Restaurateurs who dare to do more, not less (Part 1)

Only just opened, and already closed again. Or: Jumped through hoops to get Covid-19 compliant – and then impacted by the lockdown anyway. That has hit many restaurant operators hard. Now what? Bury their heads in the sand? Not these restaurateurs. Part 1 of 2.


Go against the cycle and dare to do more, not less – that’s the course some bold businesspeople who opened restaurants in 2020 are pursuing. Despite Covid-19. Others who had just got their establishment up and running before the pandemic struck were taken unawares by the crisis. Jonathan Kartenberg, for example, opened the French-styled casual fine dining restaurant Irma la Douce in Berlin in November 2019. When the first lockdown took effect, there was one thing he was sure of: the only way he would be able to compensate for the loss of the business crowd and Berlin tourists would be to change his concept.

Jonathan Kartenberg, owner of Irma la Douce. © Florian Kottlewski

Irma la Douce: going flat-out for Berliners

So Kartenberg went the full monty. He opened 7 days a week rather than 5. Set up seating on the footway. Targeted Berliners as guests rather than businesspeople and tourists. Chef Michael Schulz switched the menu to summery cuisine with a broad appeal. Just before the renewed lockdown in Germany at the beginning of November, they introduced country-style dishes with an autumn touch, such as duck in 2 pieces and cod bordelaise. The world of modern French delicacies that was Irma la Douce took on a new accent, and recipes you might expect to find in a French country inn joined the menu staples. The pavement seating was supposed to evolve into a pavilion of good food and good fun. For now, that plan is on hold due to the second lockdown, which forced operations to a standstill.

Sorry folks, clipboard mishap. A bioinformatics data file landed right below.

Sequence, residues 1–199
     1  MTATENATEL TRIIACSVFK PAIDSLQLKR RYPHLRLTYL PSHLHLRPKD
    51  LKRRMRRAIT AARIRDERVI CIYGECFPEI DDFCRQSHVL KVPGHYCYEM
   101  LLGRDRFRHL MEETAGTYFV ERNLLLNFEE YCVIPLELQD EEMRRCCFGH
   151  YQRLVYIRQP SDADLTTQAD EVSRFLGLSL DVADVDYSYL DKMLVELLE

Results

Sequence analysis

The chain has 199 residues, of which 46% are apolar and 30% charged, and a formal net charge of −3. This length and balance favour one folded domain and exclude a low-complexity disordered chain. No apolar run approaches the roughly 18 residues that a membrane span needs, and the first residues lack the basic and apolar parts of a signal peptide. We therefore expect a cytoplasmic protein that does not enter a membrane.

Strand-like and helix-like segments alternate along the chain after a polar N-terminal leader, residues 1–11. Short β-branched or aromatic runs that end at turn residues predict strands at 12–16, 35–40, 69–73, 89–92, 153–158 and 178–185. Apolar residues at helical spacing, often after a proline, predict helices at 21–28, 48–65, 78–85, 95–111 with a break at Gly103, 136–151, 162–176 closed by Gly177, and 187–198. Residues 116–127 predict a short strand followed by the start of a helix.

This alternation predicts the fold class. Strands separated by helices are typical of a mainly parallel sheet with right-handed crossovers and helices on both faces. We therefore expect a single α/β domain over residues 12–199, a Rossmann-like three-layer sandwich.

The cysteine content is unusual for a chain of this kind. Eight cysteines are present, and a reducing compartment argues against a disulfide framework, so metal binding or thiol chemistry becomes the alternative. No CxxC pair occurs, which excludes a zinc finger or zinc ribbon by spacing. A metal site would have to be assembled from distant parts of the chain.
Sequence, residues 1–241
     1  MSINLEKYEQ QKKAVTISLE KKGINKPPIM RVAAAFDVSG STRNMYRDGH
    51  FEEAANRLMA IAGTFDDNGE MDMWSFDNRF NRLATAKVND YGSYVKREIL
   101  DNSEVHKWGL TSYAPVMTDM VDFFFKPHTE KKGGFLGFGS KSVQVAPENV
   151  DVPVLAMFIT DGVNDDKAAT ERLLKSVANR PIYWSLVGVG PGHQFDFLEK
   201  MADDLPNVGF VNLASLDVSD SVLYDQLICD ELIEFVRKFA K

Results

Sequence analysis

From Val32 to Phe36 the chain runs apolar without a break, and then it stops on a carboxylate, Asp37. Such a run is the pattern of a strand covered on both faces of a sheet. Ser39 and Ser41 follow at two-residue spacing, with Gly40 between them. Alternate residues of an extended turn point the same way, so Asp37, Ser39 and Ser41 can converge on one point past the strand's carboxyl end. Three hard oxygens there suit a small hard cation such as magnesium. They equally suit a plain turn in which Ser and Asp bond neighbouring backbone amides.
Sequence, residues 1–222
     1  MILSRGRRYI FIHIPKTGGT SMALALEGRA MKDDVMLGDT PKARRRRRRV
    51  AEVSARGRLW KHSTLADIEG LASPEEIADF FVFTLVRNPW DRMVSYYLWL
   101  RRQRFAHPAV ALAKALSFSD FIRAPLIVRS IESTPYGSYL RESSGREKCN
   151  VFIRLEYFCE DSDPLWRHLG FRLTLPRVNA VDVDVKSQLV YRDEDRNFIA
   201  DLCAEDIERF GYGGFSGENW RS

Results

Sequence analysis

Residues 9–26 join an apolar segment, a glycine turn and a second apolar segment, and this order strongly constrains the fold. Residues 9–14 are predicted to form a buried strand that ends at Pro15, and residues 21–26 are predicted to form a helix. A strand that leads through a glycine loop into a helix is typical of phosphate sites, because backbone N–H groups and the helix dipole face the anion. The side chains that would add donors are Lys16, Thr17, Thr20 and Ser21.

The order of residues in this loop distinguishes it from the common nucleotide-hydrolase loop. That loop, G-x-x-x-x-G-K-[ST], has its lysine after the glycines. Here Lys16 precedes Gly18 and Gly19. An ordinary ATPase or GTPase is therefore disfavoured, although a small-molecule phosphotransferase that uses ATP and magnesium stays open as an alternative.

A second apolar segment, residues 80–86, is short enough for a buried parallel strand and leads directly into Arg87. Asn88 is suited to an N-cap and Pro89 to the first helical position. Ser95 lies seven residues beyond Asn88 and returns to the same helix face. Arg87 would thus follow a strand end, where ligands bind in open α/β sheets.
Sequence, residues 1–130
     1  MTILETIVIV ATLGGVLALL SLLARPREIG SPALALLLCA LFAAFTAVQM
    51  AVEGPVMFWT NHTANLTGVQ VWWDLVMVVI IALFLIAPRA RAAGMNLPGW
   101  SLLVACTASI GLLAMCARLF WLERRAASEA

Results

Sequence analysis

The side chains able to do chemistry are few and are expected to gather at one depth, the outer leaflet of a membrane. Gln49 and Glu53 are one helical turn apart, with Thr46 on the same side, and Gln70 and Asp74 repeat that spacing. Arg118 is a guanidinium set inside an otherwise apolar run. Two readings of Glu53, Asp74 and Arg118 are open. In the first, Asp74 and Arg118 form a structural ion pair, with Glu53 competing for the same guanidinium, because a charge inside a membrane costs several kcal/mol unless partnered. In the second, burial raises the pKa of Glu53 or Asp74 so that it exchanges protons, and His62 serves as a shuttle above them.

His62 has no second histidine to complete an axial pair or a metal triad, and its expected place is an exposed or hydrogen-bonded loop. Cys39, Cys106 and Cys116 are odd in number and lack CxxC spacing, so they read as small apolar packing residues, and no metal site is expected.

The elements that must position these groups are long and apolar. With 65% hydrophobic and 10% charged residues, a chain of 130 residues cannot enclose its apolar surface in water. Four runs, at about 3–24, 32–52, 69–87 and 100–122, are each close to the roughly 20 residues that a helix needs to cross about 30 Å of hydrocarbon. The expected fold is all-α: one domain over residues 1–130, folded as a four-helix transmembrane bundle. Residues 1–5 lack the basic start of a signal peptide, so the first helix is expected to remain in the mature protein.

Nevertheless, Kartenberg is already pursuing new activities under conditions that have changed yet again. ‘I’m assuming we will not be able to open again anytime soon, unfortunately,’ Kartenberg told MPULSE in November. He added, however, ‘We will be starting takeaway operations very soon and doing something for our guests.’ Popular classics like boeuf bourguignon, bouillabaisse or jus made by chef Schulz, the ‘sauce wizard’, are to be offered for takeaway or delivery. Kartenberg is also developing an online shop; his ‘virtual pantry’ now has ‘good taste in store’ and handles invoicing, shipping, labelling and marketing.

But even a superlative-quality, €10 jar of sauce or fish broth will not save a restaurant in the long run without government support, Kartenberg says. While he accepts the coronavirus-related restrictions ‘for the greater good’, he adds, ‘What’s happening now is not normal business. We have no trade fairs or events, we’re in the midst of a pandemic and there are still 3 weak months ahead of us.’ The restaurateur feels that the situation as it was during the summer, when regular restaurant business was possible with a strict hygiene regimen, should be reinstated at the very least.